Monday, 18 June 2012

Dorset - England and the Celtic Dawn

It's 6,333 miles (more than 10,000 kilometres) from Phnom Penh, the capital of Cambodia, to Dorchester, the county town of Dorset, the next place that I have decided to blog about.

Blogging about Dorset and England will be a bit unusual for me, as England is where I currently live and most of the places I've blogged about are in countries I've not yet had the chance to visit.  With a population of just over 700,000, it's also one of the smaller places I've blogged about, slightly bigger than Luxembourg and smaller than Rhode Island. 

Dorset was the home of Thomas Hardy, one of my favourite writers, when I was younger.  I'm looking forward to learning more about Hardy during the next few weeks.  I'm also interested in Dorset's role in the development of modern Trade Unionism, with the story of the Tolpuddle Martyrs.  I also want to learn about the fossil collectors of Dorset's Jurassic coast and the development of palaeontology. 

Ramparts at Maiden Castle, Iron Age fort in Dorset
I've been to Dorset twice - once to Portland and Weymouth and once, on one of my 'Chester' trips (see my partner walking blog), to Dorchester.  During my trip to Dorchester, I was really impressed by Maiden Hill, a famous Iron Age fort, just 15 minutes walk from the town centre.  On most of my 'Chester' trips I've seen Roman ruins and discovered a lot about Roman Britain, but Maiden Hill got me thinking about 'Celtic Britain' and the people who lived here before the Romans, Vikings, Angles, Saxons and Normans arrived. 

It's quite common to see a 'retrospective' or exhibition about 'Roman Britain' or 'The Vikings in Britain' or 'The Normans in Britain', but I can't remember ever seeing any major exhibitions about Celtic Britain and it makes me wonder what it is about Celtic culture that Britons find hard to embrace. 

When we think of Celtic culture and Britain these days, we mostly think of Scottish music, the Welsh language or Cornish ghost stories.  But I'm curious to find out what happened to Celtic culture in other parts of the island of Britain - whether it's the Durotriges of Dorset and Somerset, or the more famous Iceni of East Anglia, or the Brigantes of Northern England.  Like most people, I know very little about the people who lived in Britain (south of Hadrian's wall) before it was conquered by the Romans. 

Information board at Maiden Castle, Dorset
The use of the term 'British' is a controversial one and there is an ongoing debate as to what it means to be British.  I guess in the strictest sense, British describes anyone born on the island of Britain.  In a much narrower way, British could describe the descendants of those pre-Roman tribes, if that is at all meaningful in the 21st century.  It's interesting to compare the use of 'English' and 'British'.  The concept of 'English' feels much more tangible and defines England as a Germannic (not a Latin or Celtic) nation.  But that might also explain why the word 'British' somehow feels more inclusive and less dependent on the values of white, Anglo-Saxon culture?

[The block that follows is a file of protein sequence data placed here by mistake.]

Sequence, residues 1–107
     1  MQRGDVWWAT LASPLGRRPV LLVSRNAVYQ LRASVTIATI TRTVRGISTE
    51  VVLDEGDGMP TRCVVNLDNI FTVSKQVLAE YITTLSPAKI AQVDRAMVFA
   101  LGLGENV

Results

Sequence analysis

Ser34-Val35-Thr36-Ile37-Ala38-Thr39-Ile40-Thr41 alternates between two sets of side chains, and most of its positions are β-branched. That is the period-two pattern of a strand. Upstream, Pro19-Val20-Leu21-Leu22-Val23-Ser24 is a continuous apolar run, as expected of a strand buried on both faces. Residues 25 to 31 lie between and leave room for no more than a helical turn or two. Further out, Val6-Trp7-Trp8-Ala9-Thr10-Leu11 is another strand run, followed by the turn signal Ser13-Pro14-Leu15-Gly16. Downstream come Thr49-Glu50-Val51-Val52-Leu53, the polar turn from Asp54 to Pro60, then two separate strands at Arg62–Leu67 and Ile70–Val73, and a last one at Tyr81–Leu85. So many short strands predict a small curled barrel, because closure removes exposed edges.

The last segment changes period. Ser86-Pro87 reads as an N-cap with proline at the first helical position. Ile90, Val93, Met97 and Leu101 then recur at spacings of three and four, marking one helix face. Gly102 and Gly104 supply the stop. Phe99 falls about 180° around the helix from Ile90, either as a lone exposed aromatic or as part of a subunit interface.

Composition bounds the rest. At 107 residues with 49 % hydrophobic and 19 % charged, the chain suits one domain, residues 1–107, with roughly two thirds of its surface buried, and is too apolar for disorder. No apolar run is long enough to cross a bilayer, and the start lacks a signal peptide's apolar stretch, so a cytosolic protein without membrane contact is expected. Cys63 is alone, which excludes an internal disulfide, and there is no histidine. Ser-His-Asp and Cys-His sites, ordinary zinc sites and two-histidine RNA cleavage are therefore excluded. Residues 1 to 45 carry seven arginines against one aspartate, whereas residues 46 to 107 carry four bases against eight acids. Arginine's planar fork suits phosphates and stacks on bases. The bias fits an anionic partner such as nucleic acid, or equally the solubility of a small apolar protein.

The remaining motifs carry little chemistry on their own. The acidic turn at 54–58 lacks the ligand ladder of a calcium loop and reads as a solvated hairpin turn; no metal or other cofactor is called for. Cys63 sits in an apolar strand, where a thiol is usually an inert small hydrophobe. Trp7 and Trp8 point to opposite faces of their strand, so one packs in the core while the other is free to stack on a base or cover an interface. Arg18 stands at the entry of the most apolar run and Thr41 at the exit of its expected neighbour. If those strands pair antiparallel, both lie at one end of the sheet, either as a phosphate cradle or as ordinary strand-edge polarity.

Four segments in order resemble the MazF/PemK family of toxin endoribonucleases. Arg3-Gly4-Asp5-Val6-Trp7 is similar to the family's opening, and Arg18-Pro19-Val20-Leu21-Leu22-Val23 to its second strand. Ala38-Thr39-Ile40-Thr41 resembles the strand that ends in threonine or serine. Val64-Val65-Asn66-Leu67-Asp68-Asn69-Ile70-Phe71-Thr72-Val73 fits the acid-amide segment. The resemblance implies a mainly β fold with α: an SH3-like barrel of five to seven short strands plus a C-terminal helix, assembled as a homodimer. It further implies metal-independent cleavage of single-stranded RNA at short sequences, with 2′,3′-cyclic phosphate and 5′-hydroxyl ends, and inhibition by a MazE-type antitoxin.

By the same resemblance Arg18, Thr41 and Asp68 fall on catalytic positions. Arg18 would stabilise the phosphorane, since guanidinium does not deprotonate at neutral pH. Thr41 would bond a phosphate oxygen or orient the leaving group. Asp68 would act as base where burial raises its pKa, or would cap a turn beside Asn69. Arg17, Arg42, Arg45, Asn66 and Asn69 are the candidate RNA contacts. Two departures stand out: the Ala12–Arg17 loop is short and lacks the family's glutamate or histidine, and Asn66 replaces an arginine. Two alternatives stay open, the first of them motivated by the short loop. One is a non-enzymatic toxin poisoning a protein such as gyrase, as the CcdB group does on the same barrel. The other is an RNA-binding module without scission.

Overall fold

The term 'Celtic' is equally problematic.  What we think of as Celtic in the 21st-century is very heavily influenced by a 19th-century resurgence of interest in pre-Roman Britain that romanticised the freedom and creativity of the Celts.  Nowadays, Celtic is synonymous with Scottish, Irish, Welsh and Cornish, but I doubt that many English people would acknowledge much of their Celtic heritage.  Although the word 'British', in its strictest sense, could also mean 'Celtic', I don't think many people see it this way and, certainly where I grew up, on the border with Northern Ireland, British and Celtic are seen as polar opposites. 

So is there any Celtic blood running through English veins?  I find it hard to believe that the subsequent cultures that influenced Britain (Romans, Saxons etc) completely replaced the cultures that already existed on this island.  To me cultures can be piled one layer on top of the other and, through centuries of time, I wonder if we still can't find whispers of Celtic Britain in the misty dawns over Hampshire fields or the anarchic eccentricities of English people?

When we think of Celtic music, we think of fiddles and harps and a ceilidh, but I wonder if there isn't a hint of Celtic sensibility in the music of Kate Bush or PJ Harvey.  I hear it when I listen to Florence and the Machine.  Not just the music and lyrics, but also the wild, red-haired, pagan image of Florence, who looks like she has stepped out of a pre-Raphaelite painting, seems to herald a Celtic revival in England.  Perhaps the cultures that exist on this island aren't that different after all?

I'm going to leave you with a Youtube video that shows one of my favourite Florence and the Machine songs, Shake it out - I've chosen a version with lyrics, so you can decide for yourself!

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